Sometimes reading the Parsha feels like doing homework, especially when it seems to get bogged down in details. Rav Samson Rephael Hirsch thought that the seemingly insignificant details are actually profound ideas if we just knew how to look at them. This module presents one amazing idea from Rav Hirsch which emerges from the granular evidence of the Parsha.
One of the korbanot discussed in Vayikra are brought as birds, as opposed to livestock. Rav Hirsch notices there are some differences in the avodah for a bird korban versus livestock and thinks these differences teach an incredible lesson.
|Slaughtered with a knife||Ripped apart with fingernail|
|Blood sprinkled with finger||Blood pressed out from neck|
|Brought by anyone||Brought by someone who has experienced bodily trauma or is too poor to afford livestock|
Rav Hirsch explains that birds in the Torah represent people who undergo traumatic ordeals. They are portrayed as constantly moving and never having a permanent home. This is reflected in their more violent avodah where they are ripped open and squeezed for blood. Rav Hirsch says that the Torah is conveying that even people who constantly suffer have a method of serving God. In his words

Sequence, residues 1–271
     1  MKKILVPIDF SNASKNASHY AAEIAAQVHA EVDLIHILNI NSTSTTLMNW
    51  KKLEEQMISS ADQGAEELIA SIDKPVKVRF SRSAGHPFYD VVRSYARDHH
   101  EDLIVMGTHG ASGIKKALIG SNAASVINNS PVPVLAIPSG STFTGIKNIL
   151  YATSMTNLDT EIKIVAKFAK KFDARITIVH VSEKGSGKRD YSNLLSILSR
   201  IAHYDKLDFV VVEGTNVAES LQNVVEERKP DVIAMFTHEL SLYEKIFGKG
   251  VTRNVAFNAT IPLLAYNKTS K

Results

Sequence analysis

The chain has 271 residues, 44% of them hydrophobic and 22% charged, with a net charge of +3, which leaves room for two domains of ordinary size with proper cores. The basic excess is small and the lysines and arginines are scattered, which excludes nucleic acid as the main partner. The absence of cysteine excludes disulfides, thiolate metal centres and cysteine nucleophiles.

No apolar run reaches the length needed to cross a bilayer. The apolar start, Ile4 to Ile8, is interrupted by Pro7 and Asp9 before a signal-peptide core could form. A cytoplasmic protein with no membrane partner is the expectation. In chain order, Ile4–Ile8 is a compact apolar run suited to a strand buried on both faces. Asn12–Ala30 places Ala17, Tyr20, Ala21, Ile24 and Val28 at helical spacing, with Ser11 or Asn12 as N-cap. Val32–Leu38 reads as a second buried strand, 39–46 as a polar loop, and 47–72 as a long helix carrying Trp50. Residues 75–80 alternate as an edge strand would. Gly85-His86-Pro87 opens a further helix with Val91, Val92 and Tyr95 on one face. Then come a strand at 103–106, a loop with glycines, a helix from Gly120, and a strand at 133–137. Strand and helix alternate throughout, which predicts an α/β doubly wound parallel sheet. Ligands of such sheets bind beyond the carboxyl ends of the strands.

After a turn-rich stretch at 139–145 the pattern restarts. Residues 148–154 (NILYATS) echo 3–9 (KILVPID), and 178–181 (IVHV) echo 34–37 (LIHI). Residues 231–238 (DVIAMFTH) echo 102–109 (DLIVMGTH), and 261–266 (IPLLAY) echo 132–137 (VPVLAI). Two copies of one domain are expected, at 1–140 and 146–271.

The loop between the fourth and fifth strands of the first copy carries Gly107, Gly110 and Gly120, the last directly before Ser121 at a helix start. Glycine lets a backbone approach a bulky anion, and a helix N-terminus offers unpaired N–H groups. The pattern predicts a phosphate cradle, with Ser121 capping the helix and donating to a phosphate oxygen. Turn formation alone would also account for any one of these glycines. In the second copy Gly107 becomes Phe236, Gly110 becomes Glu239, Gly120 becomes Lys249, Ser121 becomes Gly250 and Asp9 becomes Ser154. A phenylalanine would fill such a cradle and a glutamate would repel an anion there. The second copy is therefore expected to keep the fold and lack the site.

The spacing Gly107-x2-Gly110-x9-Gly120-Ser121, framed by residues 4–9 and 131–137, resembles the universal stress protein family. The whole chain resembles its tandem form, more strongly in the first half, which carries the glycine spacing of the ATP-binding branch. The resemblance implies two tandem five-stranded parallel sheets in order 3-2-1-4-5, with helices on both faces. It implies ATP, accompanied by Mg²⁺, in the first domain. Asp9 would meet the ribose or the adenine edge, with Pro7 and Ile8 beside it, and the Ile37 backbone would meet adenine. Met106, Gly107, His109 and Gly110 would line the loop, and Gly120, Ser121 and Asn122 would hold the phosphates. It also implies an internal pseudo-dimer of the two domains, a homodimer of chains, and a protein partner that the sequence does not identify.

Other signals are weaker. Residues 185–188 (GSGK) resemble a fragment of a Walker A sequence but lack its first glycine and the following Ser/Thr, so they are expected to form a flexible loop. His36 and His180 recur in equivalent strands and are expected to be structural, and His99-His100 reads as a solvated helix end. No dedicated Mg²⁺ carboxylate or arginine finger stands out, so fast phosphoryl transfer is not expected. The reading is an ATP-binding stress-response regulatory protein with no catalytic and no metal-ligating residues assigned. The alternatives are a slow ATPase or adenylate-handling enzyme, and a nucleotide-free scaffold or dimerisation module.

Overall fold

“Even if one is stripped of all external protection… even of one’s body is violently torn asunder and left without blood or sustenance, nonetheless, by his very suffering he sustains the holy no less than one who serves God by his deeds. Both aspects, joyful action as well as devoted suffering, play a role in life as lived on Jewish heights.
People who undergo trauma and suffering have an incredible power to achieving holiness if they cling to God though it all.